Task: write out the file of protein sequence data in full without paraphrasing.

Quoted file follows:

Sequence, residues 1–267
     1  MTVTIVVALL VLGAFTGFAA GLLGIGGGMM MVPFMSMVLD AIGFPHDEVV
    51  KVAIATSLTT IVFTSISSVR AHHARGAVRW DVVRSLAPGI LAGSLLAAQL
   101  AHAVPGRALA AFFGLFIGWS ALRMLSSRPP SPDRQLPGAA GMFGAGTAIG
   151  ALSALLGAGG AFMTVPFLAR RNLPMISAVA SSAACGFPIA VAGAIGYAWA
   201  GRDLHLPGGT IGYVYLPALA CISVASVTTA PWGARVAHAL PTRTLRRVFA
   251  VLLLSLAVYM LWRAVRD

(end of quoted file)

Sequence, residues 1–267
     1  MTVTIVVALL VLGAFTGFAA GLLGIGGGMM MVPFMSMVLD AIGFPHDEVV
    51  KVAIATSLTT IVFTSISSVR AHHARGAVRW DVVRSLAPGI LAGSLLAAQL
   101  AHAVPGRALA AFFGLFIGWS ALRMLSSRPP SPDRQLPGAA GMFGAGTAIG
   151  ALSALLGAGG AFMTVPFLAR RNLPMISAVA SSAACGFPIA VAGAIGYAWA
   201  GRDLHLPGGT IGYVYLPALA CISVASVTTA PWGARVAHAL PTRTLRRVFA
   251  VLLLSLAVYM LWRAVRD